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We have a login/user with DBO to a single database, and now we're adding a query that's providing some basic monitoring information requiring permissions extending somewhat to the sysadmin side.

Basically, the query needs to be able to run (read only) the following commands:

DBCC SQLPERF(logspace)
EXEC master..xp_fixeddrives
dbo.sysfiles
sys.master_files
tempdb.sys.database_files
tempdb.sys.dm_db_file_space_usage
sys.dm_exec_requests
sys.dm_tran_locks
sys.partitions
sys.indexes
sys.dm_os_waiting_tasks
sys.dm_os_tasks
sys.dm_exec_sessions
sys.dm_exec_sql_text

Most of that stuff entails permissions like VIEW SERVER STATE, VIEW ANY DEFINITION, etc, all of which can be used to grant the permissions required without going to the sysadmin server role. But we only want to limit these permissions to this single query.

So what we're looking for is options. My very last preferred option is to add the various permissions to the login/user, since then it would have access to more than it needs (various sub-permissions of the sysadmin server role), so I tried creating a procedure with the EXECUTE AS clause, only apparently because of the dynamic SQL inside (we need to output the results of DBCC SQLPERF into a table variable), the ownership chaining gets difficult. Even regardless of that, it seems it's quite tricky to allow a procedure to execute with borderline sysadmin credentials.

I've browsed more about this subject than I can understand, and I still can't get this to work. Basically, can you guys tell me how to do this without creating security holes.

Just a batch, that runs this one query, can only be altered by the sysadmin, and can be read / executed by anyone given the permissions to run it? Thanks!

EDIT:

I'm currently examining the possibility of creating a proxy logins and / or signing the procedure with a certificate. Seems quite the interesting an option.

1 Answer 1

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I think that your simplest option is a job.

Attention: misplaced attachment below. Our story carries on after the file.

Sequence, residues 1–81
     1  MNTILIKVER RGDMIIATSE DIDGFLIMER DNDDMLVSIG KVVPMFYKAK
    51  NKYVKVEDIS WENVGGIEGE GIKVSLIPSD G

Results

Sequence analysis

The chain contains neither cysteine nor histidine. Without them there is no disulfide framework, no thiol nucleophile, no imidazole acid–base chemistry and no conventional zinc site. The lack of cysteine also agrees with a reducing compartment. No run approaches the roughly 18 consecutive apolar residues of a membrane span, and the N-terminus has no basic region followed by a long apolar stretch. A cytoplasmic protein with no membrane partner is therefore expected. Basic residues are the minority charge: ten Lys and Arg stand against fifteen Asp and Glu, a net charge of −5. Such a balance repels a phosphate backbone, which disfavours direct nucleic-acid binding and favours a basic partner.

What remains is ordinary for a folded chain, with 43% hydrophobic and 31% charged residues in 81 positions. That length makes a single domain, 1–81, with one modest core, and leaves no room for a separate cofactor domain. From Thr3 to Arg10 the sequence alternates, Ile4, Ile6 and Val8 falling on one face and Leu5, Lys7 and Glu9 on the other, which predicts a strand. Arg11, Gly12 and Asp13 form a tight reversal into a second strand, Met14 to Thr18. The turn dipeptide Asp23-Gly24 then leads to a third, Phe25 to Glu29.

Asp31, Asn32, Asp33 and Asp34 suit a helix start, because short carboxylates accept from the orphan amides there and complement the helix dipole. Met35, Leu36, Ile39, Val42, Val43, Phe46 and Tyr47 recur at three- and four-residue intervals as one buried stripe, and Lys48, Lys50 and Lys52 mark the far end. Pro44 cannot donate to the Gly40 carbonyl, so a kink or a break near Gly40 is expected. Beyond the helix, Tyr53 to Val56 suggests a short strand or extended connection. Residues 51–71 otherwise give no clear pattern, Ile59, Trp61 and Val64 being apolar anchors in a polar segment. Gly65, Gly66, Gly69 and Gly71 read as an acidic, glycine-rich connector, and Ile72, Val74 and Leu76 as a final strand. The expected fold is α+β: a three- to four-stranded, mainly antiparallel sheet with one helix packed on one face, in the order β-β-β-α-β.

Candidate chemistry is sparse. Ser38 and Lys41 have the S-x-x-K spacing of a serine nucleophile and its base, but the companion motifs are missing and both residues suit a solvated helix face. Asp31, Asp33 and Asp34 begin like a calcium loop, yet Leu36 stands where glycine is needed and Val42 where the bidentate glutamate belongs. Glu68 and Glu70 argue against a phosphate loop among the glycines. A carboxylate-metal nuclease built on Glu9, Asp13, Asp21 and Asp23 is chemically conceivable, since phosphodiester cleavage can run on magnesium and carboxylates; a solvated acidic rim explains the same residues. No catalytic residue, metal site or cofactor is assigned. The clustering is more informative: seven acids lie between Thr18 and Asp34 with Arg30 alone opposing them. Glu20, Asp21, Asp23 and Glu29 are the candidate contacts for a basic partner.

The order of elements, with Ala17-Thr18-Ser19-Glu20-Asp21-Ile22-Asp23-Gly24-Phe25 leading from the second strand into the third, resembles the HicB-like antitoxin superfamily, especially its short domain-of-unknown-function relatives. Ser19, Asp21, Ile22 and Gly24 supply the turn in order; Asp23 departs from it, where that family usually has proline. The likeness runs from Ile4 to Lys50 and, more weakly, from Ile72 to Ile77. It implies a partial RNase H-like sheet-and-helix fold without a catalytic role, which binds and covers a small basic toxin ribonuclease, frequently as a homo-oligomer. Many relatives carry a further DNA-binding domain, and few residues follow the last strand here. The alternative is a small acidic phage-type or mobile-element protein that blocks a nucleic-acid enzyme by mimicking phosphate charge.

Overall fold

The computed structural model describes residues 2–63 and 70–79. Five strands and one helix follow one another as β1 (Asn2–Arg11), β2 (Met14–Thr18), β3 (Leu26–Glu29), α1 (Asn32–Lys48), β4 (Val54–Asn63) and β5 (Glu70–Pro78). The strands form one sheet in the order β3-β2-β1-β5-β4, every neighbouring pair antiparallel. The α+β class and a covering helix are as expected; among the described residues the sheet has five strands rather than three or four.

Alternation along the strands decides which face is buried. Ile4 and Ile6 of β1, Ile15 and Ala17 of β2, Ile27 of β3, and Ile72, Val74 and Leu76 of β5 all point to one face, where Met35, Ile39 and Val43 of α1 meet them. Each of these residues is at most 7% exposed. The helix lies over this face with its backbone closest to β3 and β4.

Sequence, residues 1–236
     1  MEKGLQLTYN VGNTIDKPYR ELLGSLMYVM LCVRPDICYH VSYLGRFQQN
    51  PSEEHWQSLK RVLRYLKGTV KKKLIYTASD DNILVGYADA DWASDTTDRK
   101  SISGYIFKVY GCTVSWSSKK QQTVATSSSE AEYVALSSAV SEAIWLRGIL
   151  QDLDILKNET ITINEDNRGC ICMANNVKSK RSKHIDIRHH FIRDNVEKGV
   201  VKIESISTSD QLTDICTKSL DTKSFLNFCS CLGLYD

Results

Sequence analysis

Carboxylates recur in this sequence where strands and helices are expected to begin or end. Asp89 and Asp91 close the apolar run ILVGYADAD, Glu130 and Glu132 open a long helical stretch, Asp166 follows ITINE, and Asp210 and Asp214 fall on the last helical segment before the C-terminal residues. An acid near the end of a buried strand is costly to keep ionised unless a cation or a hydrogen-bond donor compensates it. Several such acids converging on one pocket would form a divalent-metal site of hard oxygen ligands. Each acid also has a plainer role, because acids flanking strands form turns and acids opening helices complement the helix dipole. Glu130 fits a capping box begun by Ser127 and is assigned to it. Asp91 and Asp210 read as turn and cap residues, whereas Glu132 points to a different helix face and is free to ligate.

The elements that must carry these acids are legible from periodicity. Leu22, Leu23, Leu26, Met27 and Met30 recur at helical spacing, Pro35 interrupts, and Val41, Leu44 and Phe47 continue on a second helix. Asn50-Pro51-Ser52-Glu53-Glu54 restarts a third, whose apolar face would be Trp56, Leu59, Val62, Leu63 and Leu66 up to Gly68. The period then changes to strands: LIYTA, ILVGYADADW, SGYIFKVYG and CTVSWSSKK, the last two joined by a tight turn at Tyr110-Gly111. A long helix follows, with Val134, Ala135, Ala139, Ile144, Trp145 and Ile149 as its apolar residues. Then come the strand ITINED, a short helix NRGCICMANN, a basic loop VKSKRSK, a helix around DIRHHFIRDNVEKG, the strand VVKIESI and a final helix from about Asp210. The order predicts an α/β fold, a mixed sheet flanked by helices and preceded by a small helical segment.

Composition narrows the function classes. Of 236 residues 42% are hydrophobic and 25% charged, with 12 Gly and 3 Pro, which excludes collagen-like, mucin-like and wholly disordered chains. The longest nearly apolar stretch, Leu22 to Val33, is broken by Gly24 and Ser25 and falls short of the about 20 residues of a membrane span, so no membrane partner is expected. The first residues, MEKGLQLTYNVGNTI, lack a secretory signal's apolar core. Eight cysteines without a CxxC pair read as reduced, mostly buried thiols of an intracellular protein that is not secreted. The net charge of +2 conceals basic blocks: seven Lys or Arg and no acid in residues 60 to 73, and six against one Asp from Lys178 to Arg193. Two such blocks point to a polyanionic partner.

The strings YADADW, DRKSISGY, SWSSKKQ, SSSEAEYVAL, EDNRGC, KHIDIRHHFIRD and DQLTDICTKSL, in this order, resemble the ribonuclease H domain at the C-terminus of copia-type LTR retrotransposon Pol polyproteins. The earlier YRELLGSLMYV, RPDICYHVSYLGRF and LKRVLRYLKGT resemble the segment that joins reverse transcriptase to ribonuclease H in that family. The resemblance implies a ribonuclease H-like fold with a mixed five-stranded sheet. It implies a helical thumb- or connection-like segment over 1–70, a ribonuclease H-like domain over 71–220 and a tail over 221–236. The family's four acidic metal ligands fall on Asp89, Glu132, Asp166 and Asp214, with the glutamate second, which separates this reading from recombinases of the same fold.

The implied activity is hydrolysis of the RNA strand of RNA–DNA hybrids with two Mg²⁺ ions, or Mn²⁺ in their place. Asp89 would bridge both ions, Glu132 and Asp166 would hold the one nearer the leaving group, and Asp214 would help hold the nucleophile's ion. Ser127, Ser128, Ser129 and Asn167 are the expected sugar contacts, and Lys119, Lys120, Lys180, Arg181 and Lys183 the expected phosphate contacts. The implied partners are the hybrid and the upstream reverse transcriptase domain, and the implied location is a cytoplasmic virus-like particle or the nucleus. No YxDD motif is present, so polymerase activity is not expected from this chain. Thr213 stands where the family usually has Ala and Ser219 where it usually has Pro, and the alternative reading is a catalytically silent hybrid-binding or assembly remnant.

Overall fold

You can grant the permissions to start a job through the SQLAgentOperatorRole role in msdb. Members of this role can start jobs owned by a sysadmin login, which can execute the commands you need.

Here's an example based on your requirements:

USE master
GO

CREATE LOGIN testUser WITH PASSWORD = 'strongPassword' , CHECK_POLICY = OFF
GO

USE msdb
GO

CREATE USER testUser FOR LOGIN testUser
GO

EXEC sp_addrolemember 'SQLAgentOperatorRole', 'testUser'
GO

DECLARE @jobId uniqueidentifier

EXEC sp_add_job @job_name=N'test', 
        @enabled=1, 
        @owner_login_name=N'sa',
        @job_id = @jobId OUTPUT

EXEC msdb.dbo.sp_add_jobserver @job_id=@jobid, @server_name = @@SERVERNAME


EXEC sp_add_jobstep @job_id=@jobId, @step_name=N'step1', 
    @subsystem=N'TSQL', 
    @command=N'DBCC SQLPERF(logspace)
EXEC master..xp_fixeddrives
SELECT * FROM dbo.sysfiles
SELECT * FROM sys.master_files
SELECT * FROM tempdb.sys.database_files
SELECT * FROM tempdb.sys.dm_db_file_space_usage
SELECT * FROM sys.dm_exec_requests
SELECT * FROM sys.dm_tran_locks
SELECT * FROM sys.partitions
SELECT * FROM sys.indexes
SELECT * FROM sys.dm_os_waiting_tasks
SELECT * FROM sys.dm_os_tasks
SELECT * FROM sys.dm_exec_sessions
'
GO


EXECUTE AS LOGIN = 'testUser'

EXEC msdb.dbo.sp_start_job @job_name = 'test'

REVERT
GO


-- CLEANUP:
-----------
-- EXEC msdb.sys.sp_executesql N'DROP USER testUser'
-- DROP LOGIN testUser
-- EXEC msdb.dbo.sp_delete_job @job_name = 'test'

While granting the SQLAgentOperatorRole is stil a (minor) security concern, I find it less worrying than other solutions.

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  • Thanks for the suggestion. This was actually among the first alternatives I was thinking, and what I'm still considering if there's no cleaner alternative. But in this case, I'd rather avoid granting the SQLAgentOperatorRole and instead just create a scheduled job which would pass the information to a few tables every 1-5 minutes or so, allowing the DBO user to read the data from there. But it just seems unnecessarily complex just to get the results off of a few simple queries. :/
    – Kahn
    Nov 19, 2014 at 13:06

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